Partu BS-08 Air Purifier Review – HEPA filter air purifier to help with allergies and asthma

I have always had issues with allergies and chronic nose congestion, with the coronavirus outbreak, I would then be very conscious of being in public and having a blocked nose or needing to sneeze.

So I have been trying to reduce these issues. I am weening myself off nose sprays such as Sudafed that contains Xylometazoline and is highly (psychologically) addictive due to the rebound congestion you get from it when stopping using it.

To reduce this issue, I have tried to improve the overall quality of the air around me. I have reviewed, and still use, several types of air quality monitor, the most recent being Aranet4 Home, but they only inform you of poor air quality.

Air purifiers are cheap to buy and run, so I thought no harm in trying one.

Partu Air Purifier Features and filtration specification

The Partu Air Purifier costs £79.99 and has a HEPA and active charcoal filter it claims to be able to filter 99.97% of bacteria, allergens, dust, pollen, smoke and pet dander.

The BS-08 uses a 5-stage filtration system offering:

  1. Pre-filter – The fine preliminary filter can remove any large objects with size bigger than 100 micrometres, like pet, lint and fur.
  2. True HEPA filter – Traps 99.97% of any particles as small as 0.3um micrometres and up to 100um, like pollen, mould spores, pet dander, dust or dust mites.
  3. Activated Carbon filter – Removes cigarette smoke, odours and cooking smells and (they claim) bacteria and even viruses
  4. Membrane Net – This helps avoid the carbon filter from breaking down.
  5. Mesh Scaffold – This doesn’t really do anything but hold it all together 

There are three speeds with the lowest setting claiming to be 25dB.

It also features a night light with 7 colour options.

Antivirus and anti-bacterial claims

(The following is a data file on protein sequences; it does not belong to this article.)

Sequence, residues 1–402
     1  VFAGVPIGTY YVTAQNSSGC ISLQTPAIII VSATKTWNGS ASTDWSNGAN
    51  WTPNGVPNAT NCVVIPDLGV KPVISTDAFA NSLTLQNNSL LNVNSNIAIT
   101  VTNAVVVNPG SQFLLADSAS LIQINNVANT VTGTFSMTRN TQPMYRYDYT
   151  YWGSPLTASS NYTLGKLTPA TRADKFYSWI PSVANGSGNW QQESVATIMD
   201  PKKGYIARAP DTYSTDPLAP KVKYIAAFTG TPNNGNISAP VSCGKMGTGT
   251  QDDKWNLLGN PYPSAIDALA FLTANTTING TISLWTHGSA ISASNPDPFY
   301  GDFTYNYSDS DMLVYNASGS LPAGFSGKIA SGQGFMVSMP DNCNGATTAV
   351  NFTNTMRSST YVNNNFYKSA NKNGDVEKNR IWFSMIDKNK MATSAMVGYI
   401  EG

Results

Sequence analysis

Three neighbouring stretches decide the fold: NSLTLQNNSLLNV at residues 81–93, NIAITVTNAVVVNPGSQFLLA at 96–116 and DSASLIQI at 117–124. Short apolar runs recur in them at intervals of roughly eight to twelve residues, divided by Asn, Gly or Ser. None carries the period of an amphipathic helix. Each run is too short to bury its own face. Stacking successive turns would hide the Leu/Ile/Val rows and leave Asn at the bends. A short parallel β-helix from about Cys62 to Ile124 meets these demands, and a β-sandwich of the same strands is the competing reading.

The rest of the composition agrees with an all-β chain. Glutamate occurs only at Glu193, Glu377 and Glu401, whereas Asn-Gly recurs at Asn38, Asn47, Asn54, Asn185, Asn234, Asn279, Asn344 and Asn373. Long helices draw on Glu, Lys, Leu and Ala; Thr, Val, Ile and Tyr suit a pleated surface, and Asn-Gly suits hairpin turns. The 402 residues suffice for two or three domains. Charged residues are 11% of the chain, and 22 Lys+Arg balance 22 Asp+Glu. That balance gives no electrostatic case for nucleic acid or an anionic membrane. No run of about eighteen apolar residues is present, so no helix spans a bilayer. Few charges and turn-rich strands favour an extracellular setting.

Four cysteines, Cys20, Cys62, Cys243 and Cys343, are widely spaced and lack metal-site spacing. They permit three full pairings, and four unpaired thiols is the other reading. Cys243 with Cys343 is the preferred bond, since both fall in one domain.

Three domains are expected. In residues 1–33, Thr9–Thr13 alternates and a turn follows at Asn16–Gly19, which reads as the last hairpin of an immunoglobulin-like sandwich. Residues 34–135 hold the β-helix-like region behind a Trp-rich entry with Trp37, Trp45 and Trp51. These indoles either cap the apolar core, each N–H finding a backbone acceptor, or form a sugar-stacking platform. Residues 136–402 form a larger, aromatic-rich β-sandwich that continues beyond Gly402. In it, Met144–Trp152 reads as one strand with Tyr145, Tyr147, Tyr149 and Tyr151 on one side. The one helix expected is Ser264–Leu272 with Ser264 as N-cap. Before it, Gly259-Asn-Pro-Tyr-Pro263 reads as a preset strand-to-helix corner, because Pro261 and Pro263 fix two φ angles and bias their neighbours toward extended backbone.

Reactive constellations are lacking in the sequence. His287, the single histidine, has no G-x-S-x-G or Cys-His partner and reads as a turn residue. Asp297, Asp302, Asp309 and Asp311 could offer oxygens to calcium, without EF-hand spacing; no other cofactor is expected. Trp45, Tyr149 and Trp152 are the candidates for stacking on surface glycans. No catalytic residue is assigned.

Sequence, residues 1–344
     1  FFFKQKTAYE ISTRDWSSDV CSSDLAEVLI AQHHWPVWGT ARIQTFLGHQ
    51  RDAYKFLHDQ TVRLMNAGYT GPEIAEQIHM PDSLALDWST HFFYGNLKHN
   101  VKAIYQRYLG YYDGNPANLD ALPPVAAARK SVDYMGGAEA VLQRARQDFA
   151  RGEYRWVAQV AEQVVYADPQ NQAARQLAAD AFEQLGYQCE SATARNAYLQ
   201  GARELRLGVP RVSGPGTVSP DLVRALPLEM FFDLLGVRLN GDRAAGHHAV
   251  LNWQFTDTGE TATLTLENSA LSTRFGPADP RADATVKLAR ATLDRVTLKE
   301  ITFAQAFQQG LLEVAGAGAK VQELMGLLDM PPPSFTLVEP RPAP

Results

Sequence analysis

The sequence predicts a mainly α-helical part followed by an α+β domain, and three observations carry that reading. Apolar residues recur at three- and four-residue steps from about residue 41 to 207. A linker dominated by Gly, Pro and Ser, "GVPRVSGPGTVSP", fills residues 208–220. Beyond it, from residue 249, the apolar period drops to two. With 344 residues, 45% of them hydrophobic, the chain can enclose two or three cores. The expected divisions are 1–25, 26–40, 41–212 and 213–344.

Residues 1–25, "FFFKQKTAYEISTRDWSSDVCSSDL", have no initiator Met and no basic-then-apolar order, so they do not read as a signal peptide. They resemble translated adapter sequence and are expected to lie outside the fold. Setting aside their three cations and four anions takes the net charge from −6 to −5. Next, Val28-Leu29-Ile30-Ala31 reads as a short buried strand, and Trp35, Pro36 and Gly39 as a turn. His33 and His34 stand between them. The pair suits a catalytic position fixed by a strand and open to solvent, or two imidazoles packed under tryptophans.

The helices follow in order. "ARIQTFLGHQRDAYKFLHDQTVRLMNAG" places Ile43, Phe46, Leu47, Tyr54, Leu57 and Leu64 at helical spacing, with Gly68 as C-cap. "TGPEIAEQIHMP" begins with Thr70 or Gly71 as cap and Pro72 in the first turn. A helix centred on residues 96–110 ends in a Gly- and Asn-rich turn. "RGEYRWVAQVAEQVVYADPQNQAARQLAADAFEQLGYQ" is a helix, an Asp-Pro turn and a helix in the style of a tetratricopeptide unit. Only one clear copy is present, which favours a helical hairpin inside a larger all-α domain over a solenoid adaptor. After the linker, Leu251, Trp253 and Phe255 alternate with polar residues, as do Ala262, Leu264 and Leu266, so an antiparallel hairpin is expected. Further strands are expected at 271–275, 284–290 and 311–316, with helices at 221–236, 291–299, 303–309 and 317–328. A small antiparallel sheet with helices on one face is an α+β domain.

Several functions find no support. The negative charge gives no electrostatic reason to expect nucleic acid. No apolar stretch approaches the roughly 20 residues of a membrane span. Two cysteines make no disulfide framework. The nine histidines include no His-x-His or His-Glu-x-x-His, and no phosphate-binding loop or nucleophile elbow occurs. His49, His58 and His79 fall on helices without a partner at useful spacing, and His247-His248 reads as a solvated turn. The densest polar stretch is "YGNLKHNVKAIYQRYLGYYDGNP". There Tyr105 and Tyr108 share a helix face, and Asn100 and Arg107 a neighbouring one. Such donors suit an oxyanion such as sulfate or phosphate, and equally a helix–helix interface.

I would take these claims with a pinch of salt, the purifier will filter some but not all bacteria, and very few viruses. To be fair, there is only one image on the page that states viruses, so maybe a graphic designer got a little carried away.

According to many microbiology books, the average size of most bacteria is between 0.2 and 2.0 micrometre (diameter). However, there are some that hold this to range between 1 and 10 micrometres. E. coli bacteria range between 1.1 and 1.5 um in diameters, B. anthracis range between 1.0 and 1.2um while B. subtilis range between 0.25 and 1.0um in diameter.

Haemophilus influenzae ranges between 0.2 and 0.3um and Mycoplasma gallicepticum which range between 200 and 300 nanometers in diameter. Neither of these is a serious concern within your home.

So if we assume the carbon filter specification is accurate, the filter should be able to filter out many if not most bacterial

It is the virus claim that is questionable and considering the current global crisis is something that shouldn’t be used on their marketing material.

Most viruses range in size from 5 to 300 nanometers (nm). So on the larger end of the scale, a 300nm/0.3um virus would, in theory, get filtered out by the carbon filter which is capable of 200nm/0.3um

No chance of filtering Coronavirus

There are no claims of this made, but it is worth making it absolutely clear. Currently, it is believed that COVID-19 us around 0.08 to 0.14um so comfortably below what a carbon filter is capable of filtering out

Set UP

The is not much to do to set up. However, the filter that is inside the purifier is wrapped in plastic, so you will need to open it up to remove this before you use it.

After that, you just set it to the speed you want and if you want the light on. After a few months you will get a notification to change the filter.

In Use

I have mainly used this in my bedroom to try and improve air quality when I sleep. The brand claims 25dB at its lowest setting; subjectively I am not sure if that is accurate, it is definitely more audible than I would like. It is not bad though, but if you are a very light sleeper that gets annoyed at sounds easily, you may not find it quiet enough. I doubt there is a better solution, though.

So far it does seem to have helped a little, my congestion has not flared up as much when I read at night, nor has my sneezing.

Overall

My allergies and congestion issues do seem to have reduced, especially at night when I use the purifier in the bedroom. However, with a lot of devices like this, it is hard to tell if it is a placebo effect, or possibly one of the thousands of other variables that can trigger things like allergies.

However, it is cheap enough to buy and a none drug-based approach of trying to deal with breathing problems which is always a good idea.

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